National Cancer Moonshot

Reflections on the new presidential initiative by a cancer nurse

National Cancer MoonshotAt the State of the Union Address in January, President Obama shot out a rocket concerning cancer research and finding a cure by 2020. This “moonshot” initiative is being led by Vice President Biden, who recently lost a son to glioblastoma, a type of brain cancer.

The National Institutes of Health will receive additional funding to bring its budget up to $2 billion. The National Cancer Institute will receive an additional $264 million towards its 2016 budget.  WOW!

The thinking behind this generous funding is that it will allow scientists the opportunity to pursue potential avenues that might lead to a cure for cancer. These avenues might not otherwise have been pursued due to lack of funds.

Immunotherapy and precision medicine are two areas of research that are part of this focus. They have been very active and promising research themes over the past several years, including here at the University of Michigan Comprehensive Cancer Center.

Precision medicine uses the patient’s genes or genetic makeup, to tailor specific treatment plans that will exactly fit the patients’ type of cancer. The Michigan Center for Translational Pathology is a fascinating example of how this research advances the science of precision medicine.

Immunotherapy has also been heavily researched. We have studies for ovarian cancer, breast cancer, brain and spinal cord tumors, as well as head and neck cancer using immunotherapy drugs.  While these are still in the research stages, the additional funding offered through the new moonshot initiative will certainly help with additional trials in this area.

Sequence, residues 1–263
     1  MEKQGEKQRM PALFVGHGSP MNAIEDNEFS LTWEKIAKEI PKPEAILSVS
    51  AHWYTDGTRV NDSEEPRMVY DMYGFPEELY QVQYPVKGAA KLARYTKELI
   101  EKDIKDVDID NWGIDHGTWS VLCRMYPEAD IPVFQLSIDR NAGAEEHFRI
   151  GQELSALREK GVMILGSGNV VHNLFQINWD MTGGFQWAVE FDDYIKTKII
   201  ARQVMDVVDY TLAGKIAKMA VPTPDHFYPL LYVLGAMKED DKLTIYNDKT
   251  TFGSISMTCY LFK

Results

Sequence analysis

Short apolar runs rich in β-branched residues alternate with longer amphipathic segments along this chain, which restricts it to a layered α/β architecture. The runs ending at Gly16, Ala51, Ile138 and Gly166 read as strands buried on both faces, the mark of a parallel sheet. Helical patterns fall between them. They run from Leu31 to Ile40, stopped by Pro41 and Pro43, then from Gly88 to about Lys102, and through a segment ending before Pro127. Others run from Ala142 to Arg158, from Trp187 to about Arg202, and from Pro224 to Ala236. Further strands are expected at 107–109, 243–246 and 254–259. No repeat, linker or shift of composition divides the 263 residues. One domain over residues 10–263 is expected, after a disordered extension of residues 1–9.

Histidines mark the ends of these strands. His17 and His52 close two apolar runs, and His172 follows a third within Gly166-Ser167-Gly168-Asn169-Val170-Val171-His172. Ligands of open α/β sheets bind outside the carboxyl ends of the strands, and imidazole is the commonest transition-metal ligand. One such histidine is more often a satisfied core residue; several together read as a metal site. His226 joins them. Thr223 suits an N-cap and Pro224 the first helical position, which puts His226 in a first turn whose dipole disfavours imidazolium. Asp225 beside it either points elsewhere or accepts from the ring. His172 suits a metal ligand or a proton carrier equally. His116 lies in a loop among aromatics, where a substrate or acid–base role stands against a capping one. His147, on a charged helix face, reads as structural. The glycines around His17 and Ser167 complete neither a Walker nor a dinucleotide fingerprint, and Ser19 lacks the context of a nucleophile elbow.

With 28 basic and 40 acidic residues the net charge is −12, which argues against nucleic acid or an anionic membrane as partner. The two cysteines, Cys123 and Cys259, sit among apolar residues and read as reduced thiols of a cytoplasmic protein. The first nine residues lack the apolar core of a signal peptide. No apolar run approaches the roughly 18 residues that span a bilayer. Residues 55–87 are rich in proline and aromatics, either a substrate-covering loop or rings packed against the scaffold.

Whether the National Cancer Moonshot proves to be a long shot, a scatter shot or a bull’s-eye, one thing is for certain: We are living in a very exciting era for cancer research, and for progress toward curing more people who have the many diseases we collectively call cancer.

Take the next step:

  • Learn how clinical science research programs at the U-M Comprehensive Cancer Center are changing and improving treatments for patients through research and clinical trials.
  • Find out how stem cell research at the Cancer Center, and its related clinical trials, are already helping patients.
  • Listen to research Arul M. Chinnaiyan, M.D., Ph.D., talk about the future of personalized medicine.
  • There are hundreds of clinical trials enrolling new patients at the Cancer Center. Check out our list, organized by condition.
  • Still have questions? Call the nurses at the University of Michigan Cancer AnswerLine™. They can help patients or their loved ones find a clinical trial or provide insights into the newest and latest cancer treatments. Feel free to call at 800-865-1125 or send an e-mail.

vanessa thumbnailThe Cancer AnswerLine™ nurses are experienced in oncology care, including helping patients and their families who have questions about cancer. These registered oncology nurses are available by calling 800-865-1125 Monday through Friday, 8 a.m. – 5 p.m. Your call is always free and confidential.



Cancer-center-informal-vertical-sig-150x150The University of Michigan Comprehensive Cancer Center’s 1,000 doctors, nurses, care givers and researchers are united by one thought: to deliver the highest quality, compassionate care while working to conquer cancer through innovation and collaboration. The center is among the top-ranked national cancer programs, and #1 in Michigan according to U.S. News & World Report. Our multidisciplinary clinics offer one-stop access to teams of specialists for personalized treatment plans, part of the ideal patient care experience. Patients also benefit through access to promising new cancer therapies.